your loneliness and sorrow. I know—I have always known—that you are
far above me. But that couldn't prevent my loving you—just humbly
loving you, asking nothing else. You may be angry with my presumption,
but I can't help telling you that I love you. That's all. I just want
you to know it."
Sara had turned away her head. Jeffrey was overcome with contrition.
Ah, he had no business to speak so—he had spoiled the devotion of
years. Who was he that he should have dared to love her? Silence alone
had justified his love, and now he had lost that justification. She
would despise him. He had forfeited her friendship for ever.
"Are you angry, Sara?" he questioned sadly, after a silence.
"I think I am," said Sara. She kept her stately head averted. "If—if
you have loved me, Jeff, why did you never tell me so before?"
"How could I dare?" he said gravely. "I knew I could never win
you—that I had no right to dream of you so. Oh, Sara, don't be angry!
My love has been reverent and humble. I have asked nothing. I ask
nothing now but your friendship. Don't take that from me, Sara. Don't
be angry with me."
"I am angry," repeated Sara, "and I think I have a right to be."
"Perhaps so," he said simply, "but not because I have loved you. Such
love as mine ought to anger no woman, Sara. But you have a right to be
angry with me for presuming to put it into words. I should not have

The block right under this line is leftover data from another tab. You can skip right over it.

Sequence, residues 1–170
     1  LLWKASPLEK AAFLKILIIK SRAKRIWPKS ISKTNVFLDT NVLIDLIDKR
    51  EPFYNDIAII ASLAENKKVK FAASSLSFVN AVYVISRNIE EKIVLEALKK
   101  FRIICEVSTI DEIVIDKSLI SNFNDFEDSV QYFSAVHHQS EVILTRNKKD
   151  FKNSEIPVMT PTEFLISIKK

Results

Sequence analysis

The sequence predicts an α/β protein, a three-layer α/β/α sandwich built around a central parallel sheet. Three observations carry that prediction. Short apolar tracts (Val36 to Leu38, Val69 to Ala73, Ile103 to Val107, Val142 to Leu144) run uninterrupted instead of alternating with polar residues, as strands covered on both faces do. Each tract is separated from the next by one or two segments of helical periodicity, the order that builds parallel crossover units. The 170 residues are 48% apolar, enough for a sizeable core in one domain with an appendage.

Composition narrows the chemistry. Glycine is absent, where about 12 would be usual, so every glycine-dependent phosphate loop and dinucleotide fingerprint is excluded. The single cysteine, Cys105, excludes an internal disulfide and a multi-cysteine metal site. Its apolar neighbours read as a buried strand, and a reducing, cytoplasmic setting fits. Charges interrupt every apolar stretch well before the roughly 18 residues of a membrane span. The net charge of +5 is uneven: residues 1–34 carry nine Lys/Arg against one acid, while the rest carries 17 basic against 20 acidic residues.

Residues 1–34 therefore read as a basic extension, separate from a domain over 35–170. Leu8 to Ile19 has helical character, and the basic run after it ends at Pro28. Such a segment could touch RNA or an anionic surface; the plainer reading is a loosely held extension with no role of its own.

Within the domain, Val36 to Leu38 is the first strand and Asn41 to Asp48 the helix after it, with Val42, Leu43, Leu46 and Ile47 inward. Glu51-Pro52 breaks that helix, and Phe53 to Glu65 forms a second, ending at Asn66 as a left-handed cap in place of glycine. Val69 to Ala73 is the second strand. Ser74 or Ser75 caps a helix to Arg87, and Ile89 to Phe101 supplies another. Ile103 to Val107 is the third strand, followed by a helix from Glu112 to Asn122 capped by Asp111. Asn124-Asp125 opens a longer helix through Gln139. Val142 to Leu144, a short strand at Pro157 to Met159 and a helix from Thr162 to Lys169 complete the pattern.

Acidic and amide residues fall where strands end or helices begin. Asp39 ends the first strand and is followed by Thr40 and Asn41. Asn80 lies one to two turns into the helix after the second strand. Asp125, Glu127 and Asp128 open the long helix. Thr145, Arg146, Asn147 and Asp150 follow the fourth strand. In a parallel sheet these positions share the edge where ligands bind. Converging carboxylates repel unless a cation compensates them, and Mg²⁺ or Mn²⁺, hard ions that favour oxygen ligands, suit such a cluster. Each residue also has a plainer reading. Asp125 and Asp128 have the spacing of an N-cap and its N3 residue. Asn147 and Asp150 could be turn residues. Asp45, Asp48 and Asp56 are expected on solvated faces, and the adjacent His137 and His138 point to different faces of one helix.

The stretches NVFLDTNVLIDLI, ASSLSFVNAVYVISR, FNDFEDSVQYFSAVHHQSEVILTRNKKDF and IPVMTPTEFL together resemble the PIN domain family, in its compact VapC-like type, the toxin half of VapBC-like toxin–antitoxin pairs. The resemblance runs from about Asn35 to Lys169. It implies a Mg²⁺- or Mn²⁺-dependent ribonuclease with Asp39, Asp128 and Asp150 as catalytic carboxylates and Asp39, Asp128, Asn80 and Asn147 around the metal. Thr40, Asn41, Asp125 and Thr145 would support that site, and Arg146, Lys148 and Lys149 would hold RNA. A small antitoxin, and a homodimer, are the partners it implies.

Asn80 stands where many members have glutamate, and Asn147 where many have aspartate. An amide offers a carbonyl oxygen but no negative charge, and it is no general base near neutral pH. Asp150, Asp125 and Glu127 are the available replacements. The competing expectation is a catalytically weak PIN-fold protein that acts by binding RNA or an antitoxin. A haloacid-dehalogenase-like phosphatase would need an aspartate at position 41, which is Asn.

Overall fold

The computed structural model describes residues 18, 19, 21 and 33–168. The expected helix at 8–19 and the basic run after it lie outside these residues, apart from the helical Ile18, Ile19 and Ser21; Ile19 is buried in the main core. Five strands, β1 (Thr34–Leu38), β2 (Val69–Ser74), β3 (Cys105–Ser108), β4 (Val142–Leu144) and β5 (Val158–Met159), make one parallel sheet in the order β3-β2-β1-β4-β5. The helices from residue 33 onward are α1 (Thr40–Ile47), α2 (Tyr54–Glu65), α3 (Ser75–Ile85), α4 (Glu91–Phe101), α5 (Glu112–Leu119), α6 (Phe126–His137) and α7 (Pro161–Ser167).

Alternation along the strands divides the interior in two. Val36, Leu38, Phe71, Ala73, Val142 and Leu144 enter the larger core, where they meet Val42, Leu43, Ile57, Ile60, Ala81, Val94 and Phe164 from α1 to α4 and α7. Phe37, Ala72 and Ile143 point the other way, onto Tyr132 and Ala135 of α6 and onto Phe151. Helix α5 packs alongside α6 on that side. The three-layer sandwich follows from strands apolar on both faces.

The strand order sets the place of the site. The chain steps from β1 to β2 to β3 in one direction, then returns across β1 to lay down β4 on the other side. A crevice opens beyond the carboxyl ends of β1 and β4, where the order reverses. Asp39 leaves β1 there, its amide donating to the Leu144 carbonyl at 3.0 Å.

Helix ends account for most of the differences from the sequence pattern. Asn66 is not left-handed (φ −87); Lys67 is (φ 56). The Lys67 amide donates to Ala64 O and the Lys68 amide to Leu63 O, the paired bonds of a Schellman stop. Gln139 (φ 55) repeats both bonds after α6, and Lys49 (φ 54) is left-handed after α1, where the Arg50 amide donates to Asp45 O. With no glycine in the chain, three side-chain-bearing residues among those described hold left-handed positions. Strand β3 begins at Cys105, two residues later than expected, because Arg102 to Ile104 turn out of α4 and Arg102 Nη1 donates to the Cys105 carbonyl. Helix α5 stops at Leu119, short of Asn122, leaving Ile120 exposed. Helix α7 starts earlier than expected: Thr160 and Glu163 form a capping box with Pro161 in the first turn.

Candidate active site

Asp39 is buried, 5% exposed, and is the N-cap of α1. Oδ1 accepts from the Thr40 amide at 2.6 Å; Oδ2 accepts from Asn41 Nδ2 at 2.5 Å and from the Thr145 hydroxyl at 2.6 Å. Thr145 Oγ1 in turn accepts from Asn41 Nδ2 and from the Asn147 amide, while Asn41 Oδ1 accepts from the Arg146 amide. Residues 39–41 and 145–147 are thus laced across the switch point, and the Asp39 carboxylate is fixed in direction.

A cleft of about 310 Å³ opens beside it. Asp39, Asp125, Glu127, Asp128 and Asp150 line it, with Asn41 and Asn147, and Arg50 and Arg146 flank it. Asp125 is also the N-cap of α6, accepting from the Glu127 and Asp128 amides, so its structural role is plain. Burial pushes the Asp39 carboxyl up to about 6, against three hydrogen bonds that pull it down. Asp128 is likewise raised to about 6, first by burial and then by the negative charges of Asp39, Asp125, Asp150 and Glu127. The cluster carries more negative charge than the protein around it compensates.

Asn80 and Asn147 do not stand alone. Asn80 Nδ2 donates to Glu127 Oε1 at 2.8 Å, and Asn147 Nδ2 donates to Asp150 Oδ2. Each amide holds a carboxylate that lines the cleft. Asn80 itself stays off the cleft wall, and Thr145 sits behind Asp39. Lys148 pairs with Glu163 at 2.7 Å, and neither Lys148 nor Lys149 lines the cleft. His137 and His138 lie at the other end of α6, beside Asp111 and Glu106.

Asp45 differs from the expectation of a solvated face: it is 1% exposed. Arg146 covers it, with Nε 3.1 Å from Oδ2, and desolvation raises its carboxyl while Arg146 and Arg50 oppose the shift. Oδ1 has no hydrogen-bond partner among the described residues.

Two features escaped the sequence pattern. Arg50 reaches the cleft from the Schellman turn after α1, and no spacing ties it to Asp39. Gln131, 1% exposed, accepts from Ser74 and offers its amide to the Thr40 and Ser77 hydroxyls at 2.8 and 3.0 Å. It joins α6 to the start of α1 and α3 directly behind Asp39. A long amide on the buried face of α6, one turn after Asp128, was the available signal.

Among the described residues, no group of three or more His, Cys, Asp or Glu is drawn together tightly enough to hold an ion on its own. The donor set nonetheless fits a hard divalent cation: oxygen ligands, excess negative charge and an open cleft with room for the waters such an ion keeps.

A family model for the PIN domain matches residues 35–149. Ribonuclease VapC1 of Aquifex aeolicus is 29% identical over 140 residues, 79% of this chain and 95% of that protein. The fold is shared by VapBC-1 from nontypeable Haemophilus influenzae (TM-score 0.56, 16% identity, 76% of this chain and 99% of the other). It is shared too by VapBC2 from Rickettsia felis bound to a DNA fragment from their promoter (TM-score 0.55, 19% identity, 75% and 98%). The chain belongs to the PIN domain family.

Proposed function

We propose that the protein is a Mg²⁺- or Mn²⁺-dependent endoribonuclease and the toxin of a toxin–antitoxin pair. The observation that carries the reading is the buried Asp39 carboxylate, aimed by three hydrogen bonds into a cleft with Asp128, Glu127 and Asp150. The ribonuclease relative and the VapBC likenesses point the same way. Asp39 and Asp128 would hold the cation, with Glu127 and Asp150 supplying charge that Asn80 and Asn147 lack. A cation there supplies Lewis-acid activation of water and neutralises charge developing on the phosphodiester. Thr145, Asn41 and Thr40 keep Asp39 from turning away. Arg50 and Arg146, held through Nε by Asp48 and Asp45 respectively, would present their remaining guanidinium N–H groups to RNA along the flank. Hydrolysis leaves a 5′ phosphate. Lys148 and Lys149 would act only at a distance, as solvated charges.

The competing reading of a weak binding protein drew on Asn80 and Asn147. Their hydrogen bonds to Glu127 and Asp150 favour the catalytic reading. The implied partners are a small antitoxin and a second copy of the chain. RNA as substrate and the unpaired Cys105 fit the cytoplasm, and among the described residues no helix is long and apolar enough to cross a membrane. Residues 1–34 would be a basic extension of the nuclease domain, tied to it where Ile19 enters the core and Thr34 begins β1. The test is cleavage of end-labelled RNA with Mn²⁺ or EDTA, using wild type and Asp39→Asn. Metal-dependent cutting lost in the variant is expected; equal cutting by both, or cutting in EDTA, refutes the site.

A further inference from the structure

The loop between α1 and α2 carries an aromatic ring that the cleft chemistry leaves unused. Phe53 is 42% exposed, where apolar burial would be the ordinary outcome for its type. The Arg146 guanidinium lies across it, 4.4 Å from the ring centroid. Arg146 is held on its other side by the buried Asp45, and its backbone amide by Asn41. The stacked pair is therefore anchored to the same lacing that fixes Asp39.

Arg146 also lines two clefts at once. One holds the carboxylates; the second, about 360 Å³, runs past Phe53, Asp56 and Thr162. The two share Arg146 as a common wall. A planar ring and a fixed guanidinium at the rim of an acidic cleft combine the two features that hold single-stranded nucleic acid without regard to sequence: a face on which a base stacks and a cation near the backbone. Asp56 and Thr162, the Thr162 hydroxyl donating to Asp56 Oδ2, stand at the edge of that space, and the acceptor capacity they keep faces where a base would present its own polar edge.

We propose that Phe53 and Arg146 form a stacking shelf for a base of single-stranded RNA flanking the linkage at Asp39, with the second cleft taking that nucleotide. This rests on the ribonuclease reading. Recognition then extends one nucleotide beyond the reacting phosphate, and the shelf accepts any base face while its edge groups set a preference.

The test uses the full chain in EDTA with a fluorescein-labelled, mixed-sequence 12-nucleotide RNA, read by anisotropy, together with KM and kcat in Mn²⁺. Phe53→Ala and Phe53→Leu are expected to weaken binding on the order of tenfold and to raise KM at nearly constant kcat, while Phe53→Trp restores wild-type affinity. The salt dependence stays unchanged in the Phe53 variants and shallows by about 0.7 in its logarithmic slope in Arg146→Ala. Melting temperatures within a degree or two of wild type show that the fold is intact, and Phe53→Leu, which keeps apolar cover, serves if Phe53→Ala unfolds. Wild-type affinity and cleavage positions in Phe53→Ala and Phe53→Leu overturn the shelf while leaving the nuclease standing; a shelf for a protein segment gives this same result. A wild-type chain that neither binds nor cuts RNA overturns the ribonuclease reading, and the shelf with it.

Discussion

done so—but I could not help it. It rushed to my lips in spite of me.
"I don't know whether I can forgive you for not telling me before,"
said Sara steadily. "That is what I have to forgive—not your
speaking at last, even if it was dragged from you against your will.
Did you think I would make you such a very poor wife, Jeff, that you
would not ask me to marry you?"
"Sara!" he said, aghast. "I—I—you were as far above me as a star in
the sky—I never dreamed—I never hoped——"
"That I could care for you?" said Sara, looking round at last. "Then
you were more modest than a man ought to be, Jeff. I did not know that
you loved me, or I should have found some way to make you speak out
long ago. I should not have let you waste all these years. I've loved
you—ever since we picked mayflowers on the hill, I think—ever since
I came home from school, I know. I never cared for anyone
else—although I tried to, when I thought you didn't care for me. It
mattered nothing to me that the world may have thought there was some
social difference between us. There, Jeff, you cannot accuse me of not
making my meaning plain."
"Sara," he whispered, wondering, bewildered, half-afraid to believe
this unbelievable joy. "I'm not half worthy of you—but—but"—he bent
forward and put his arm around her, looking straight into her clear,
unshrinking eyes. "Sara, will you be my wife?"
"Yes." She said the word clearly and truly. "And I will think myself a
proud and happy and honoured woman to be so, Jeff. Oh, I don't shrink
from telling you the truth, you see. You mean too much to me for me to
dissemble it. I've hidden it for eighteen years because I didn't think
you wanted to hear it, but I'll give myself the delight of saying it
She lifted her delicate, high-bred face, fearless love shining in
every lineament, to his, and they exchanged their first kiss.